Phillip here. My thoughts on single-malt scotch, which I
don’t really drink anymore…
J&B is to scotch what a Big Mac is to fine dining. I suspect most people who drink J&B do it to get drunk, and quickly so as to put themselves out of their misery from drinking the stuff in the first place. But if that’s what tastes good to you, and you enjoy it, then fill your boots. It all comes down to what you like, and what tastes good to you might go down like Buckley’s Mixture to someone else. The easiest thing to do is try a bit of everything, scotches from all the regions, and then focus in more of whichever region has the most interesting flavour or sensation. Explore.
Like most people who know nothing about single-malt scotch, I tried Glenlivet. I didn’t know how to drink it, so I drank it as a quick shot, straight down, which was warm but never burned. Later on I tried the next most-available (i.e., cheap) single-malt, Glenfiddich, which, although not awful, isn’t as good as Glenlivet, and is the last single-malt I would choose to drink.
Lagavulin was the first real single-malt I had, and as soon as I opened the bottle, and the aroma of peat filled the room, I knew I was dealing with something completely different. I’ve never gotten over that experience. I instantly fell in love with the smoky, earthy sensation and flavour of the Islay scotches (which are strong with peat), and they’ve been my favorites ever since.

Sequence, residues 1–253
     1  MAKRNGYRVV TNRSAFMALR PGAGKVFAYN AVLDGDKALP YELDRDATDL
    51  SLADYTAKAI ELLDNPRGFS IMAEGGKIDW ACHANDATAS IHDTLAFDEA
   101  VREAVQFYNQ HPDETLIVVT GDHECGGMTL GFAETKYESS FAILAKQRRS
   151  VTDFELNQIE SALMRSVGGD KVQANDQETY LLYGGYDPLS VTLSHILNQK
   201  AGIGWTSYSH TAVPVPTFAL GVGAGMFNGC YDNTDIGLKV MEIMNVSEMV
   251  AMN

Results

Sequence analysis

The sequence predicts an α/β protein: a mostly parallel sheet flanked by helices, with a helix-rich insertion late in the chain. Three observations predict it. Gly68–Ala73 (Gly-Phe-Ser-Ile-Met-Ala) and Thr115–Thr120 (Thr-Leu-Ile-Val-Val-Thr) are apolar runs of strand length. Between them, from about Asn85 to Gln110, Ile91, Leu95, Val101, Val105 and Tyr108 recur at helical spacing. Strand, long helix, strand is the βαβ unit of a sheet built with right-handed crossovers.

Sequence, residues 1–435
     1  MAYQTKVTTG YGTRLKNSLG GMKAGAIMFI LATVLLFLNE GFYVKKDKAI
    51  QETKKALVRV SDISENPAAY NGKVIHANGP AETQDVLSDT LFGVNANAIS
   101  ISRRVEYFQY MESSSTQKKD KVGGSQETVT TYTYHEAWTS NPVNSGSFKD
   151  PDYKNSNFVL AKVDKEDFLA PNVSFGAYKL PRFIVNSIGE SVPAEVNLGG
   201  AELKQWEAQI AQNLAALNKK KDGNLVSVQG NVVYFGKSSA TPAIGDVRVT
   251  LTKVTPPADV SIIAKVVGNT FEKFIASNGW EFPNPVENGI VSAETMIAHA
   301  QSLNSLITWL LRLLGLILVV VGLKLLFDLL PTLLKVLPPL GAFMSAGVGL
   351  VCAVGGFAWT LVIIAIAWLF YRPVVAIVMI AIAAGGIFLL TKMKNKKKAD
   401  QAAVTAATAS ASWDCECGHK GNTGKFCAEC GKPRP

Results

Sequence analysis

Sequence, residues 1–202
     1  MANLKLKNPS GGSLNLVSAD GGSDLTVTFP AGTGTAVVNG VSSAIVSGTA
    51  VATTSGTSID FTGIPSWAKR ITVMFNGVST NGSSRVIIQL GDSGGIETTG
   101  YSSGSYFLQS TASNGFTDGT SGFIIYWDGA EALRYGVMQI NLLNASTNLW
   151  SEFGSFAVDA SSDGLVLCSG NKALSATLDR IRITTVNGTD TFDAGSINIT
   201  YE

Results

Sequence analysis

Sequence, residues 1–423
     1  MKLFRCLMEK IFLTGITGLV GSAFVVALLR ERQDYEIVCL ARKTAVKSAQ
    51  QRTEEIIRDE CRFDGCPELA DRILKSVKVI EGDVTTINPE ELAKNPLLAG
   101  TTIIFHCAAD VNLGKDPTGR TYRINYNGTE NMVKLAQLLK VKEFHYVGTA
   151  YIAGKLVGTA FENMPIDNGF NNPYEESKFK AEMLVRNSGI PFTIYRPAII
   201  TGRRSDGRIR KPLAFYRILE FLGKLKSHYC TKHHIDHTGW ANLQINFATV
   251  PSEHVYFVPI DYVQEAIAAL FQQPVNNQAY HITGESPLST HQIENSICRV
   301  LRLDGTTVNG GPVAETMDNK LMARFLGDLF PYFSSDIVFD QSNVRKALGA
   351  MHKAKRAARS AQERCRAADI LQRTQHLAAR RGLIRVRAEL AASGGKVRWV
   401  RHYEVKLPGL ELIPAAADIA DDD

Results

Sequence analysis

One of the cheapest Islay scotches, and actually one of the best, is Laphroaig. Some people describe its flavour as medicinal, but that’s an adjective that can apply to all single-malts. No doubt about it: single-malts are an acquired taste. But once you’ve acquired it, it can be a hell of an experience.
The best single-malt I’ve had (excluding that time with Lagavulin) was a 15-year-old cask-strength Laphroaig which smelled like rubbing alcohol when I opened it, and then exploded with a peaty aroma and flavour as soon as I added some water. Unbelievable.
If had the money for it, I’d have a bottle of that cask-strength Laphroaig in the house, a regular bottle of Lagavulin, an 18-year-old Macallan, and some scotch from the Lowlands. That’d do me for a long time.